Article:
My actual job description should be:

    Sys/Net Admin, HelpDesk Support, IT Purchasing and Contract Management and so on. I do everything IT related but Telcom and Software programming.

    Its a challenging job since I do it all with the help of an occasional Consultant for bigger projects but it has its fun.
  • JoeSTechJoeSTech Posts: 4Registered Users ■□□□□□□□□□
    nice seems like you all have a good job
  • Mike-MikeMike-Mike Posts: 1,860Member
    cablegod wrote: »
    IT Operations Manager

    I learned about you in my ITIL V3 Foundations class
    Currently Working On

    CWTS, then WireShark
  • phantasmphantasm Posts: 995Member
    I function at the Tier II level in a NOC performing a wide range of configuration and hardware troubleshooting. Tier I escalates to me and the other Tier II's and we fix it. If for some reason it's beyond us it goes to Tier III, if it's beyond them it goes to the Engineers. If it's beyond them... well... I would hate to have my name in the ticket. lol.
    "No man ever steps in the same river twice, for it's not the same river and he's not the same man." -Heraclitus
  • ArabianKnightArabianKnight Posts: 276Member ■■■□□□□□□□
    I'm unemployed and spend way to much time on TE!
  • docricedocrice Posts: 1,706Member ■■■■■■■■■■
    My title is Senior Systems Engineer. I don't know what that means, except that I push buttons for a living.
    Hopefully-useful stuff I've written: http://kimiushida.com/bitsandpieces/articles/
  • cablegodcablegod Posts: 294Member
    Mike-Mike wrote: »
    I learned about you in my ITIL V3 Foundations class

    Uh oh..... That sounds bad. Haha, titles really means nothing at my company. 70% of the company is at "Director" level with "Director or Manager" in their titles, yet they "direct and manage" absolutely nothing. Me? I'm just the IT department. My CFO that I report to set that title, since I really am the "IT" department, but with budgetary, contract signing, and decision-making authority, as well as Oracle DBA duties. I do it all, and at times, am way over my head swamped with work. My work week will vary from the normal "45" hours to 100+ hours, depending on what's hit the fan. It is fun though.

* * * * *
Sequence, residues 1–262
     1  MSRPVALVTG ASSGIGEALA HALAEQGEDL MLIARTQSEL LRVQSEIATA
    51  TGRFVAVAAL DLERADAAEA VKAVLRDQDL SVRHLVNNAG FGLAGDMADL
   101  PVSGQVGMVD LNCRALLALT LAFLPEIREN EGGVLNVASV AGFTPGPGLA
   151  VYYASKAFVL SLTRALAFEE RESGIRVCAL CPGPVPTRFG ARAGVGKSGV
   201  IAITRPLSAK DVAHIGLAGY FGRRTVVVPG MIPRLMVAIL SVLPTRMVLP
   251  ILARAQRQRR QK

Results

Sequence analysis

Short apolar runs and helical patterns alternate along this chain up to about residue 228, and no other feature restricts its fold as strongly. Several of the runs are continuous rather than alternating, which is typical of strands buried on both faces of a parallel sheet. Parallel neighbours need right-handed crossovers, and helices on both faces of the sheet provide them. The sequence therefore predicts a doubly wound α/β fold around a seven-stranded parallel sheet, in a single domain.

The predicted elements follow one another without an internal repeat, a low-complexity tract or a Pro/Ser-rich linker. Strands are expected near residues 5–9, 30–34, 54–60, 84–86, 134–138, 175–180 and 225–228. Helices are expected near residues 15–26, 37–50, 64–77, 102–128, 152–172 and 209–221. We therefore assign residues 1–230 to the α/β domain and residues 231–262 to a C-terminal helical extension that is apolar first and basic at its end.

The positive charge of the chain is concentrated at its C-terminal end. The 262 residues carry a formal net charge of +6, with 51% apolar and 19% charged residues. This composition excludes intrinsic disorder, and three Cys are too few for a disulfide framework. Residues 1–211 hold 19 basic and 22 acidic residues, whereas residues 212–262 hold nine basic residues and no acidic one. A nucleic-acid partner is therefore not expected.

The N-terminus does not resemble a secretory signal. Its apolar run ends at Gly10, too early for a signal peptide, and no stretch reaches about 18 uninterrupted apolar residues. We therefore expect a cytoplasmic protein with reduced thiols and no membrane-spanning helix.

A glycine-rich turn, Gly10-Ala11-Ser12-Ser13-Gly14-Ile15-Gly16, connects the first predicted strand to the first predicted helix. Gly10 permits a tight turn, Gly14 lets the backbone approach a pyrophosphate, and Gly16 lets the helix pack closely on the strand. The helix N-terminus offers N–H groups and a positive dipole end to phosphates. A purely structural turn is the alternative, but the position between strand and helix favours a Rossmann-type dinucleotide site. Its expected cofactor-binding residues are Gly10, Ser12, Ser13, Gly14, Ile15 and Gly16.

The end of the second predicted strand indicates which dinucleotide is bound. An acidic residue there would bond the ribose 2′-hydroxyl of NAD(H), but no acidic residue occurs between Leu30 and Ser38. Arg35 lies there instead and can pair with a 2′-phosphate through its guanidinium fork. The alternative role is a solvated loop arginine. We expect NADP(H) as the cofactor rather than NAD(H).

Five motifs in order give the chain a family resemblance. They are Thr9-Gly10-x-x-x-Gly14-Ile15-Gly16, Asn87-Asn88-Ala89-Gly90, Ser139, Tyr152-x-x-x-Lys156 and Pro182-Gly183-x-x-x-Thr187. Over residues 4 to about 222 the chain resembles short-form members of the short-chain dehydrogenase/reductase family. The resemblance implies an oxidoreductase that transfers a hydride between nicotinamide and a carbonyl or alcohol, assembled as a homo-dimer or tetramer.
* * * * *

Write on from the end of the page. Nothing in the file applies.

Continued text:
“Government is a disease masquerading as its own cure.” -Robert LeFevre
  • Bl8ckr0uterBl8ckr0uter Posts: 5,031Inactive Imported Users ■■■■■■■■□□
    cablegod wrote: »
    My work week will vary from the normal "45" hours to 100+ hours, depending on what's hit the fan. It is fun though.

    Dude, how? That seems extremely stressful. I hope they are paying you well $$$ icon_thumright.gif
  • cablegodcablegod Posts: 294Member
    I hope they are paying you well $$$ icon_thumright.gif

    Oh they do, but I thoroughly enjoy my work too. It's win-win to me. I put in most of the overtime via SSL-VPN (Juniper SA by the way) from home, but my office/datacenter is only about 7 miles from home. All servers have lights-out or DRAC cards, so I can do baremetal recovery & fresh server build-outs remotely. I do have a good work & family life balance. It's not that hard nor stressful, at least to me. I guess it's not stressful when you love it as much as I do, not saying that you don't, but it works for me. Those 100+ hour weeks are rare though. I average about 50 a week.